For the past 14 issues of Middlewest, Skottie Young, Jorge Corona, Jean Francois-Beaulieu, and Nate Piekos have put Abel through a lot. He’s an innocent kid who’s been dealt a really bad hand. In the search for his mother and the cure to his father’s stormy temper, Abel’s had to face peril after peril, and has only been met with disappointment and frustration. Now, Abel finds himself as a worker bee in Nicholas Raider’s ethol farm and it’s easy to see that a lot of hope is lost, and that it’d be easy to give up. You take one look at the vast, natural landscape dotted with pink bulbs of ethol and realize that this system may be too big for even Abel to handle. We see perspectives that show the “floor managers” looking down on the workers, wide shots that show each work as a small cog in a big machine, and close-ups that reveal the default state of the workers as irritation.
What’s remarkable about the opening here is that Skottie Young is almost speaking to Midwesterners in code. He knows what it’s like. This scene masterfully captures the working environment at small to mid-sized manufacturing and agriculture companies present in every small town in the Midwest. Sure, not all companies work their employees like slaves, but I’m sure it feels like it to some of the machine workers pulling regular nine hour shifts. It’s difficult labor that requires a fairly high level of skill, but no one wants to do it. It’s boring, drab, and doing the same tasks over and over makes you feel trapped. Young, Corona, Francois-Beaulieu, and Piekos, they get it.
So that’s Abel right now, trapped within the panels of Midwestern industry… until crisis happens. Bobby stumbles and the area erupts in flames. The brilliant purple and pink hues that Francois-Beaulieu use here is some of the best color work on the entire series. It’s bright and eye-catching. You can almost feel the heat erupt from the pages, but at the same time, can’t help but watch the majestic color. The flames grab your attention and pull Abel out of his haze. While it would be easy to let his temper, worry, or anger get out of control, Abel composes himself and uses his head.
Once things calm down, Abel starts to get a lot of attention. As he and everyone else change out of their uniforms, Theo notices Abel’s scars. This leads to an important conversation about growing up and escaping cycles of toxic behaviors. The kids in Abel’s town didn’t really understand what he was going through. Most of them seemed to come from two parent households, and none really seemed to see Dale’s temper. At the ethol farms, however, everyone comes from a rough family situation. Once Theo notices Abel’s scars, he realizes he misjudged Abel. They both have been physically abused father figures in their lives, and Theo even realizes how the cycle of abuse has propagated to him. Theo’s cognizant of his own tendencies and where they come from, but also doesn’t appear to try and rectify it. Rather, he maintains an “it is what it is” sort of attitude. He understood when Abel almost lost control in the ethol fields and doesn’t stress about it. The benefit of having this discussion between children is that there’s no immediate desire to try and solve the situation. They know they can’t so they just have to accept that it sucks, which is something we all need to learn. There’s a curiosity towards why this abuse occurs, but they quickly understand that it’s like bamboo in that it won’t break easily, but can be bent. It only takes another kid to point out the most important lesson of all: in order to change, you have to want to change.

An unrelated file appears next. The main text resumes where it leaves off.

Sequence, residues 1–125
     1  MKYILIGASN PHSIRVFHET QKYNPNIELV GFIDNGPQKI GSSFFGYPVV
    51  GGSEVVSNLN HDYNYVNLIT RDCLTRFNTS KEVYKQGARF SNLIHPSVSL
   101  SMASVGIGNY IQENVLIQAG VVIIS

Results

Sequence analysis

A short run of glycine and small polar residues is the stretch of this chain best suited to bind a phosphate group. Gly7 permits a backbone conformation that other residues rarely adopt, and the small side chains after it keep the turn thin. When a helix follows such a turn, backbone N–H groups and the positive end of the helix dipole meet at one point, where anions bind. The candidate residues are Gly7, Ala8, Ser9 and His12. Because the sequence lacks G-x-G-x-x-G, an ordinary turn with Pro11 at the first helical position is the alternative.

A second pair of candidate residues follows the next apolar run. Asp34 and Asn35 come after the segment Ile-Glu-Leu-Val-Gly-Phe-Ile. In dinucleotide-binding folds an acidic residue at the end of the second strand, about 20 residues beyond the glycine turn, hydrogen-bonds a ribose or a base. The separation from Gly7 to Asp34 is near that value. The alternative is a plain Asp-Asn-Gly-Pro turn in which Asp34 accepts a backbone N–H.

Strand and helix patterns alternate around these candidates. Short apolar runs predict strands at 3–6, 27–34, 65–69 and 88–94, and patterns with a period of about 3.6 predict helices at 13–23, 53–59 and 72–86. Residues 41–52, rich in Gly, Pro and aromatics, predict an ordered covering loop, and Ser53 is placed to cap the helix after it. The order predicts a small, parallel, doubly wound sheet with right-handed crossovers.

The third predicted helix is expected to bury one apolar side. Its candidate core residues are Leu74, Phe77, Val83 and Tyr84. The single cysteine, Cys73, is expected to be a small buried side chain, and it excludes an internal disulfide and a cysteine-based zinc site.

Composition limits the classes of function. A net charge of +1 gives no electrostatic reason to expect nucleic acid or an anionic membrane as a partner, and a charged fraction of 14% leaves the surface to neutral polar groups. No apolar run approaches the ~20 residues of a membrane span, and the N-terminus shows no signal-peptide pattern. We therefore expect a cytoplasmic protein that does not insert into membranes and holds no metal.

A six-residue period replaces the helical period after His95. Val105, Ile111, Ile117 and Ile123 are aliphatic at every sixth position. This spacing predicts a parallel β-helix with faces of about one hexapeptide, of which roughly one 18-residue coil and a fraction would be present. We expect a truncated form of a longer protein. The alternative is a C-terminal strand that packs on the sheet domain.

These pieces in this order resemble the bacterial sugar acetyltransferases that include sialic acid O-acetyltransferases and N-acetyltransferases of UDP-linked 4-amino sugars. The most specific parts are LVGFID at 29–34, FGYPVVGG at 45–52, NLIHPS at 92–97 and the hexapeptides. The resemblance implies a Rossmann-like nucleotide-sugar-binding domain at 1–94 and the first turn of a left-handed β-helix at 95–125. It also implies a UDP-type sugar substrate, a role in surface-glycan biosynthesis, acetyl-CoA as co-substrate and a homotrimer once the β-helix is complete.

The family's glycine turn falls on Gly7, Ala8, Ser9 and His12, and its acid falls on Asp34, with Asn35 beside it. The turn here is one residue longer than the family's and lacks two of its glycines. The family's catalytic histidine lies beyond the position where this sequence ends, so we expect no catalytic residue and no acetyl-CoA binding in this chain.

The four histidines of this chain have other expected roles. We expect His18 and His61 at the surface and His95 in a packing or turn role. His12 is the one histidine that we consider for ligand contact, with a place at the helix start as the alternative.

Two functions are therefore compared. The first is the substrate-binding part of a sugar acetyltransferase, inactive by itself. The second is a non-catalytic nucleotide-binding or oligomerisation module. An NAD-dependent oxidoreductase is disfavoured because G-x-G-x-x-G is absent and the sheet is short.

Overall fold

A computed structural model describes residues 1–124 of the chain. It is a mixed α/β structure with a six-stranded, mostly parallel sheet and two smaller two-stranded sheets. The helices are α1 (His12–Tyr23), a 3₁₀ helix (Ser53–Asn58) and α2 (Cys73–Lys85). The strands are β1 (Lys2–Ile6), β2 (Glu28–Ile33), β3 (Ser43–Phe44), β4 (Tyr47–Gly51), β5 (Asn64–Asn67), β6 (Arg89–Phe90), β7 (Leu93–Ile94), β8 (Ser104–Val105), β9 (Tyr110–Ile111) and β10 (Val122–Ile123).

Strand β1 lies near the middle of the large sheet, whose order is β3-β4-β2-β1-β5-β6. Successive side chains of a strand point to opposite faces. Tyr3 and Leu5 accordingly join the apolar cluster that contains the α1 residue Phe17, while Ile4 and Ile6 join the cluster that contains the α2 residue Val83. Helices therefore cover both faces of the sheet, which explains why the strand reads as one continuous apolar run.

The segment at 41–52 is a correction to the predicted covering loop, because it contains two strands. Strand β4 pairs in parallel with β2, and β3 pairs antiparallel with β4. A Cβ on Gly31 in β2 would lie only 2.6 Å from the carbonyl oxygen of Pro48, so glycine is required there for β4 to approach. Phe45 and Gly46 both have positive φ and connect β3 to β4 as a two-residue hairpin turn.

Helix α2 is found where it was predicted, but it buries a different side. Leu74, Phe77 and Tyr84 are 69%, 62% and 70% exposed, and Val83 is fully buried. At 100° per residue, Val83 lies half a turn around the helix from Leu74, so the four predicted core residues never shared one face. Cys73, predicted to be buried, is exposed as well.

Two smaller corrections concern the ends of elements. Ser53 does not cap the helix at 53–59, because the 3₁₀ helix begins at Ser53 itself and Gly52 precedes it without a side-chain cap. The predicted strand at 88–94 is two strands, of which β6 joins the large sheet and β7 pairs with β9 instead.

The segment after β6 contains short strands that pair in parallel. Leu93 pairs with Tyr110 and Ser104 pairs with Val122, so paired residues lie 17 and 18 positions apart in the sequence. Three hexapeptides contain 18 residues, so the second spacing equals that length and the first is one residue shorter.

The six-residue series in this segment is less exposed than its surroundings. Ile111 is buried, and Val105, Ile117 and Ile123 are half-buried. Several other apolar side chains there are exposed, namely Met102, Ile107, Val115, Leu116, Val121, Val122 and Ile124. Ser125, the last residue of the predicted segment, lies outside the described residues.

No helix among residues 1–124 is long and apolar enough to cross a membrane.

Corona does a great job making the entire scene feel a lot like Annie or Oliver Twist. There’s the false idealism of the rural community, the inspection of the role, impact, and damage parents can have on their children, and the importance of teamwork. We see children who have come from homes filled with abuse, addiction, and intolerance all come together in their new situation. Some don’t know what to do, others blame themselves, others shout “F*ck adults!” None of those are the answer in the long term, but it feels better knowing you’re not alone, and that’s what’s important. Piekos’s chant fits perfectly in the toast panel to end a very well-constructed scene.
Unfortunately, the conclusion is where things start to go downhill a bit. Balancing character moments and plot is very difficult, and I think it’s where Young struggles the most. It’s relatively evident here where we go from an extremely powerful scene about messed up parents and runaway children banding together to a manufactured setup for an escape scene next issue. It’s pretty evident that these more emotional beats are what Young really cares about, so the conversation with Raider at the end feels crammed in. What’s reassuring, however, is that Abel’s character is still being tested every issue, and even though it wavers, it always returns to a noble center, and you don’t see enough of that affirmation these days.
Middlewest #14 is an important revisiting of the cycle of abuse, but this time, Young, Corona, Francois-Beaulieu, and Piekos deliver something Abel didn’t have when he met his grandfather in issue #10: Hope.
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